, Volume 156, Issue 9, pp 1809-1816
Date: 20 May 2009

Do activity costs determine foraging tactics for an arctic seabird?

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How energy costs affect foraging decisions is poorly understood for marine animals. To provide data relevant to this topic, we examined the relationship between activity levels and foraging behavior by attaching activity recorders to 29 chick-rearing wing-propelled diving birds (thick-billed murres, Uria lomvia) in 1999–2000. We connected the activity during the final dive bout with the prey item we observed being fed to the chicks. After accounting for changes in activity level with depth, activity was highest during the final dive of a dive bout, reflecting maneuvring during prey capture. Pelagic prey items, especially invertebrates (amphipods), were associated with higher depth-corrected activity, leading to shorter dives for a given depth (presumably due to higher oxygen consumption rates) and, thus, shorter search times (lower bottom time for a given depth). Pelagic prey items were likely captured during active pursuit, with the birds actively seeking and pursuing schooling mid-water prey. In contrast, benthic prey involved low activity and extended search times, suggesting that the birds slowly glided along the bottom in search for prey hidden in the sediments or rocks. We concluded that activity levels are important in determining the foraging tactics of marine predators.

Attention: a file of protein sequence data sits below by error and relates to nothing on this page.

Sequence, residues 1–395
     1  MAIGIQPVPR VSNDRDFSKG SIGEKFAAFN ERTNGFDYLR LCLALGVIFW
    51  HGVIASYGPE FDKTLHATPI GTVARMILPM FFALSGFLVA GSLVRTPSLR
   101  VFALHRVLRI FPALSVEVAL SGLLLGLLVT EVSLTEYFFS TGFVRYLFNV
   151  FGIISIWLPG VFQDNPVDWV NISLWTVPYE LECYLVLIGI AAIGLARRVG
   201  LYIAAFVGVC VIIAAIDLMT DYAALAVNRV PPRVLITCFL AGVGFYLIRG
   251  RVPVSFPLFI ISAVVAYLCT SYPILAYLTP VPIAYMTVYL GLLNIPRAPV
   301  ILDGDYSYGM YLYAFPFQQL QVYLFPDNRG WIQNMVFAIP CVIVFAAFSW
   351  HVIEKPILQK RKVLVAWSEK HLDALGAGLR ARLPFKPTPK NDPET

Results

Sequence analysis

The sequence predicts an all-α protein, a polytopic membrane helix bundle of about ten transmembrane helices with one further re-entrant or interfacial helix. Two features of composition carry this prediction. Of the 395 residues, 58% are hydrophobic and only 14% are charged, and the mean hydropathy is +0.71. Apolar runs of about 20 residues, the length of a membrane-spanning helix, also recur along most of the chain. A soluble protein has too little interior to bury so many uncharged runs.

Communicated by S. Garthe.